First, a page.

Cultivated Meat
By Densie Webb, PhD, RD
Today’s Dietitian
Vol. 25 No. 9 P. 34

Ready or not, meat grown from animal cells is here—well, almost.

Meat production that doesn’t involve the use of land to raise and feed animals and sidesteps the slaughterhouse has been talked about as something to look forward to in the distant future. But, it’s already here—at least on an extremely small scale.

Earlier this year, the FDA and USDA jointly granted their first-ever approval for chicken derived from animal cell cultures from two companies, GOOD Meat and Upside Foods (formerly known as Memphis Meats).

A 2023 report by the Food Marketing Institute and the Foundation for Meat & Poultry Education & Research found that 78% of the US population are meat eaters.1 Any change in the way meat is produced and consumed could have huge ripple effects on people’s diets, the environment, and any number of meat-producing industries, from farmers to processing plants. What isn’t yet known is how to weigh the potential benefits vs the potential risks of this new way to grow meat. Here’s where the industry’s prospects stand right now and what it may mean for the diets of Americans and the animal-grown meat industry.

What Is Meat Derived From Animal-Cell Cultures?
Sometimes referred to as “lab-grown meat,” “cultivated meat,” “in vitro meat,” or “cultured meat” (consistent terminology is still under discussion, even whether “meat” can legally be used as part of the name), cell-based chicken—the only meat that currently has full approval—starts with cells from a fertilized egg.2 Once the embryonic fibroblast cells are obtained, they’re grown in a nutrient-rich medium for two or three weeks. When the multiplied cells begin to stick together, creating meat, it’s harvested from a cell culture tank (known as a bioreactor) and texturized by mixing, heating, or extruding into a meatlike shape. In this case, most likely a nugget or a cutlet. Cells also can come from a cell bank or from fresh meat. USDA approval is based on the use of a specific cell line. Any changes in the type of cells used require a separate approval process. Some companies are focusing on culturing fat cells with the intention of adding 5% of these cells to their products to give them more of the texture and flavor of conventionally produced meat.2

On a recent show on NPR, Josh Tetrick, cofounder and CEO of GOOD Meat, and Uma Valeti, CEO of Upside Foods, spoke extensively about the current state of cultivated meat and the long process of researching and submission to the FDA and USDA for approval, which has taken the companies at least seven years to achieve.

Safety of Cultivated Meats
The FDA and the Food Safety Inspection Service of the USDA jointly oversee the production of cultivated meat and poultry food products and share the information necessary to carry out their respective oversight responsibilities.3 Cultivated meat and poultry food products are subject to the same Food Safety Inspection Service regulatory requirements and oversight authority as meat and poultry food products derived from the slaughter of animals. The oversight process begins with the FDA and then moves to the USDA.

For both companies, early research started about seven years ago, and GOOD Meat was the first company in the world to get approval in another country and start providing its cultivated chicken in Singapore in late 2020.

“The process for making beef, which we are working on, or pork, or any other type of meat, is essentially the same as it is for chicken,” Tetrick says. “Beef is a bit more complicated to perfect because of the richness of flavor and textures, the ratio of fat to muscle, etc. So, we don’t have an exact timeframe for launching our beef product, but we’re making progress.”

While cultivated meat often is presented as a possible solution to feeding a growing population, which is expected to double the demand for meat products by 2050, there’s disagreement on whether it’s logistically and financially feasible on a large scale.4,5 Cultivated meat currently is being produced in extremely small quantities.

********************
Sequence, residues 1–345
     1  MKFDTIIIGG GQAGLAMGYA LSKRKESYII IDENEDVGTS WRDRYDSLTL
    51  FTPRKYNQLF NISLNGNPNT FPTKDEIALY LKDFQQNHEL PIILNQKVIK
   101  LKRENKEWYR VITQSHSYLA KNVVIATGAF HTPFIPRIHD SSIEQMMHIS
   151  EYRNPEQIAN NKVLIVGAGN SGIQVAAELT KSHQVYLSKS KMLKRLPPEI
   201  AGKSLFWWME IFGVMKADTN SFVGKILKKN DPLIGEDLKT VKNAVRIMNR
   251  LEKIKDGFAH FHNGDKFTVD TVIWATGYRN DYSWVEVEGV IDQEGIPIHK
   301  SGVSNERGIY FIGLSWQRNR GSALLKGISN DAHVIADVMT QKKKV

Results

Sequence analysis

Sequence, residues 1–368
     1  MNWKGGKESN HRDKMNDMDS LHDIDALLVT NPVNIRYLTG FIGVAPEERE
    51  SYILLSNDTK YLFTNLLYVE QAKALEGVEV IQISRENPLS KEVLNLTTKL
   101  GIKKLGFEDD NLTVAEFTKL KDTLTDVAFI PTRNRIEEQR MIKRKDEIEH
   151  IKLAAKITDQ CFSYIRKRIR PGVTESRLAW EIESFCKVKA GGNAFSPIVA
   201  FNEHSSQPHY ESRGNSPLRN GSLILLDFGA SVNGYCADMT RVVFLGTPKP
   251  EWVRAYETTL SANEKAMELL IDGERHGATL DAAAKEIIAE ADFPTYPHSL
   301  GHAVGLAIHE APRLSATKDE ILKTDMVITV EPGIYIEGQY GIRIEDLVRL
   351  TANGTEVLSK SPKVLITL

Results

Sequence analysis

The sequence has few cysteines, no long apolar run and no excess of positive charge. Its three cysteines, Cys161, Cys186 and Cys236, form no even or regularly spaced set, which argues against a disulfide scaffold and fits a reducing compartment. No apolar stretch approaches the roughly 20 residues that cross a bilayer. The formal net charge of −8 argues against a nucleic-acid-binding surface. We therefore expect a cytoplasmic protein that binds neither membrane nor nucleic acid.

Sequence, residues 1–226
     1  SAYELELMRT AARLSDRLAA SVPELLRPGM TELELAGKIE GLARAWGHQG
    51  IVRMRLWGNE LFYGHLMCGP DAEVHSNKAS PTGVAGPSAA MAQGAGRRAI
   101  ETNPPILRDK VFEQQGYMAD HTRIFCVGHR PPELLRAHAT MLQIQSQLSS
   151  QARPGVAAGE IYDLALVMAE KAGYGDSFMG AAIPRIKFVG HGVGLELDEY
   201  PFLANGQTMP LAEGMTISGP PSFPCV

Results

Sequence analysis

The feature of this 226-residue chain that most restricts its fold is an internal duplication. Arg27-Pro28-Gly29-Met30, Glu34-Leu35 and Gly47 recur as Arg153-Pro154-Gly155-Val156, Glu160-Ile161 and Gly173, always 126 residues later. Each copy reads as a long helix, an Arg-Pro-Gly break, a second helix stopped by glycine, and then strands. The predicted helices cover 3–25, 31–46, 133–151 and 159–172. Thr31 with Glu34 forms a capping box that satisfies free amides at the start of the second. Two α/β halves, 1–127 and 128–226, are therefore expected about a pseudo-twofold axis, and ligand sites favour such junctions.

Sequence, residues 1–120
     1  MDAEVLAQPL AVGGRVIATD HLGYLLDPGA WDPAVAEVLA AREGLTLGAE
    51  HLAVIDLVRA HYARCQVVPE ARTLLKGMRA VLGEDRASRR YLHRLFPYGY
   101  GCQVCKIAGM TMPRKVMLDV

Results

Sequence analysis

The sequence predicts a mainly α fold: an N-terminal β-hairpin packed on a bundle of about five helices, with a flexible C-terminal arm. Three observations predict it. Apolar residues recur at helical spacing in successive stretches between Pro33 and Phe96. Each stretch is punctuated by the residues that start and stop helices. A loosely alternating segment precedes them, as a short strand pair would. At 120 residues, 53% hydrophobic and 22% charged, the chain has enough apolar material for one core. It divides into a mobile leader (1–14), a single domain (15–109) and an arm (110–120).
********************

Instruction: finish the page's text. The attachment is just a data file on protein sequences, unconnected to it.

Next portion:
Environmental Impact
On NPR, Tetrick emphasized that about one-third of the planet today is used to feed the animals consumed. A recent assessment of cultivated meat’s potential benefit on the environment concluded that cultivated meat has the potential to have a lower environmental impact than conventional meat for most environmental indicators, especially agricultural land use, air pollution, and nitrogen-related emissions.6

While cultivated meats may not be for everyone, Liz Specht, senior vice president of science and technology at the Good Food Institute, says that today, animal agriculture causes about 20% of all global greenhouse emissions. “That’s equivalent to all the planes, trucks, and ships on earth.” She says that if only 50% of meat eaters switched to cultivated meat, the benefit to the environment would be huge.

Valeti says that while it takes only about two weeks to produce cultivated meat, it takes 21/2 months to raise a chicken, nine months to raise a pig, and two years for a cow, so all that time that the animals are producing methane and carbon dioxide is eliminated. Less input for the animals means less environmental impact from raising livestock. However, Tetrick says, “We won’t have the environmental data we want until we’re producing millions of pounds of meat.” Still, he says his company fully expects it to be significantly better from a land, water, and carbon emissions perspective.

Availability, Acceptance, and Cost
While GOOD Meat’s chicken was first introduced in Singapore in 2020, to date, the cultivated chicken is available in the United States at only two restaurants: Bar Crenn in San Francisco and China Chilcano in Washington, D.C.; GOOD Meat and Upside Foods have no immediate plans to expand beyond that anytime soon. The chicken products come to the restaurants precooked, and dishes are prepared in the kitchens. The two companies, which provide the chicken to the restaurants, say that while they’re not making a profit right now, they just want the two upscale restaurants to serve as an introduction to cultivated meat.

On NPR, the topic of cultivated meats prompted listeners to call in and give their opinions on the concept. The callers’ opinions ranged from “can’t wait” to “repugnant.” Washington, D.C., vegetarian chef Rob Rubba said on the show that he felt that cultured meat detaches us from our food sources in the natural world. However, others emphasized that there’s nothing natural about the way chickens are raised and slaughtered today.